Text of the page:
By Aaron Pressman and Adam Lashinsky
March 26, 2019

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Zack Van Amburg, an Apple executive for not quite two years, already has mastered the company’s art of aspirational dissembling. Monday morning, he helped announce the technology giant’s yet-to-launch Apple TV Plus subscription product with a show of force and money that included Steven Spielberg and Oprah Winfrey. “It’s not just another streaming service,” he declared. He was partly right: Amazon Prime, Netflix, Hulu, HBO Go, and others have apps and pricing plans. So far Apple TV Plus has neither. Other than that, Apple’s looked quite similar.

In fact, Apple unveiled nothing at its big event that others haven’t done before. Its credit card offers cash back. That’s not new. (As I was reading a New York Times review of the day I saw an ad for a Capital One “unlimited 2% cash back” offer.) Apple bought its way into offering oodles of magazines in its subscription Apple News Plus product, though it didn’t mention Texture, the magazine industry joint venture it purchased last year. Apple obviously hasn’t re-invented television; its offerings, while exciting, are top-flight conventional programs bought at auction with the best money that iPhone profits can buy. Apple’s most exciting idea of the day may have been the resuscitation of Oprah’s book club.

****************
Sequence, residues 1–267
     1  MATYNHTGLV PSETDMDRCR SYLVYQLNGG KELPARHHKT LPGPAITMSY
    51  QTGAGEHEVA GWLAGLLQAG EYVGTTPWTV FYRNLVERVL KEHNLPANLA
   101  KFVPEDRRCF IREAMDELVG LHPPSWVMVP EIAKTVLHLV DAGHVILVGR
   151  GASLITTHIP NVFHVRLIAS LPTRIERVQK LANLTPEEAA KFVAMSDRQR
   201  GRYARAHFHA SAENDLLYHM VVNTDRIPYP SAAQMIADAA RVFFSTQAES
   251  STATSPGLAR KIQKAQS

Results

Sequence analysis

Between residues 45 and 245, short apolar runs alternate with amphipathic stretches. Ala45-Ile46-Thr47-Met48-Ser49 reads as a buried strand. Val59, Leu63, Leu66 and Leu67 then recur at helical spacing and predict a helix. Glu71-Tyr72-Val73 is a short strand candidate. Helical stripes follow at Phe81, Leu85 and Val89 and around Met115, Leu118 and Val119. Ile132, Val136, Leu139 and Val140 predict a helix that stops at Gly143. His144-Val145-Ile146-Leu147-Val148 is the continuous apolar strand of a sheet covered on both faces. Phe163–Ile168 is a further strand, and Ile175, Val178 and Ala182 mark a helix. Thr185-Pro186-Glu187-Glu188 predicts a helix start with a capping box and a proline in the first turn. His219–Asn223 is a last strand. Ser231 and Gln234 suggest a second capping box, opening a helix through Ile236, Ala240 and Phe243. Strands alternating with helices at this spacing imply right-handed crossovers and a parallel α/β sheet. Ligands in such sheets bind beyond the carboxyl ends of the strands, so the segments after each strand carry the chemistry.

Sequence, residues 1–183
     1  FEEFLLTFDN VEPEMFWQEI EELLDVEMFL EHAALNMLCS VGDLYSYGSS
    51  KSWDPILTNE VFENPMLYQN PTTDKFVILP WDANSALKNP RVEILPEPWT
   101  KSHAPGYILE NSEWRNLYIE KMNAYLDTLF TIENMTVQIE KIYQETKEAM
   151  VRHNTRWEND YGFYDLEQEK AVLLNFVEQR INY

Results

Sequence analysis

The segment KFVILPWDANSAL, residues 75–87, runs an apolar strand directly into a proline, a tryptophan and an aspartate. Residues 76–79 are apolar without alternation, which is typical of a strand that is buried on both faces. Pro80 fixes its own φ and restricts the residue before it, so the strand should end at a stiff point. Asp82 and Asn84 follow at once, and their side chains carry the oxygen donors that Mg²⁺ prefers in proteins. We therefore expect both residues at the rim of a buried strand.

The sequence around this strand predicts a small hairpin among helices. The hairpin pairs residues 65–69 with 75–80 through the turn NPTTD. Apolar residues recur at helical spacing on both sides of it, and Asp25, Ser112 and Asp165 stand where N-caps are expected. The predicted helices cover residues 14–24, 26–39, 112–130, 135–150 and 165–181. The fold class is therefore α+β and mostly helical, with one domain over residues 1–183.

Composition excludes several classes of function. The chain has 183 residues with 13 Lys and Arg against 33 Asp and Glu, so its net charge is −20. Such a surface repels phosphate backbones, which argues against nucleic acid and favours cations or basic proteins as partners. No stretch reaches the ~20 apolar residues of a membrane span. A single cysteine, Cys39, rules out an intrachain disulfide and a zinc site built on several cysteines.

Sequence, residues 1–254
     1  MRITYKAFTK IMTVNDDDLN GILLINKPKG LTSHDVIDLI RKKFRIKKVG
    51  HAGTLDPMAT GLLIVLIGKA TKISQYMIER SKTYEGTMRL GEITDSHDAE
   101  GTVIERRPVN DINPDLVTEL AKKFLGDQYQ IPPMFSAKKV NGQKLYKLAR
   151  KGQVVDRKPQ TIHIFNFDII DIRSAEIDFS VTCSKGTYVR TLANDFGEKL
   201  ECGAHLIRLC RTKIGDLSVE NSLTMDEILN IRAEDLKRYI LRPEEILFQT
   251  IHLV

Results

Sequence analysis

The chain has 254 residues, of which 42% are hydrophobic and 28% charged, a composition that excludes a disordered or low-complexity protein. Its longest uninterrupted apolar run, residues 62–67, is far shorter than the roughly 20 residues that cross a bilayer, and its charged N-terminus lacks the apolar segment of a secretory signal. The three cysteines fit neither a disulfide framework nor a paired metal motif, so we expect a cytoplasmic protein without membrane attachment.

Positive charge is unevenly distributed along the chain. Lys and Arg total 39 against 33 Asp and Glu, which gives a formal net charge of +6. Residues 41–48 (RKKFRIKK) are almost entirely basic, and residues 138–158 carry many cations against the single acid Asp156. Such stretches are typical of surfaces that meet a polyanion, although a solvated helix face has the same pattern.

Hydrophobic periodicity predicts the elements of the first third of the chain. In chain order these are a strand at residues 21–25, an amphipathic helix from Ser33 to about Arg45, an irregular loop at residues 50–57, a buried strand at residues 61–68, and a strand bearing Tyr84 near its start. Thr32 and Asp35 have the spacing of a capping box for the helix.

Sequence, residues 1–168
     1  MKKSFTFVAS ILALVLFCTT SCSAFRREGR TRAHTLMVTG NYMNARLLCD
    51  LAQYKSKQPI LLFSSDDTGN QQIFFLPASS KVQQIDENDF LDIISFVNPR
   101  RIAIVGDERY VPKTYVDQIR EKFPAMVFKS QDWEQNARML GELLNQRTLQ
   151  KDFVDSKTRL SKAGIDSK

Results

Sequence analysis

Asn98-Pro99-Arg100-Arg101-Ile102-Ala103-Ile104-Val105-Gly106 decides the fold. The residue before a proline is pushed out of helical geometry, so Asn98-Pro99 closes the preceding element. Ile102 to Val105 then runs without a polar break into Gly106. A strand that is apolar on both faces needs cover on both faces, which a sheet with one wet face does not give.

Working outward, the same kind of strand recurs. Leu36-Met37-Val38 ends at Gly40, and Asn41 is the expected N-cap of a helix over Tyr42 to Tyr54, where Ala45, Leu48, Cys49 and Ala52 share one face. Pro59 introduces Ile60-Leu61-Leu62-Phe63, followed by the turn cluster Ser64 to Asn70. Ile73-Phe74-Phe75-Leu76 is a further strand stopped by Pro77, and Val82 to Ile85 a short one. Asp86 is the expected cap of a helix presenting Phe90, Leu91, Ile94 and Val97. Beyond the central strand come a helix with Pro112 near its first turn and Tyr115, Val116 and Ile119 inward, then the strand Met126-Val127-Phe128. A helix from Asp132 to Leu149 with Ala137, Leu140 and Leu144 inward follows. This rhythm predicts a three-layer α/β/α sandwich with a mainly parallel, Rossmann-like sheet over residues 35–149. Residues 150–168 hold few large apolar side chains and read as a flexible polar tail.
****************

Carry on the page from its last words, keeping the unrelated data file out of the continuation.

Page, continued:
The cognoscenti sniffed at Apple’s bid for services greatness. Breakingviews, in a dismissive report titled “Spray and pray,” said Apple is “paving a trail of mediocrity.” Fortune’s Rick Tetzeli lamented that Apple showed only its power and not its creativity of old. On Wall Street, Apple’s stock fell back 1%, while rival Roku jumped ahead 5%.

The critics may be right. It’s also possible they are missing the point. I suspect Apple can in fact buy a seat at the television-production table and then sufficiently feed its eventual TV service. Its news aggregation service, which pays news organizations for their work, is certainly better than what Facebook and Google have been paying. If Apple makes using a credit card brain-dead easier than it already is, I suspect it will succeed there, too.

Greatness is tough to achieve, and Apple may not be after it anyway. Reigniting growth is the imperative right now.

Adam Lashinsky
@adamlashinsky
adam_lashinsky@fortune.com

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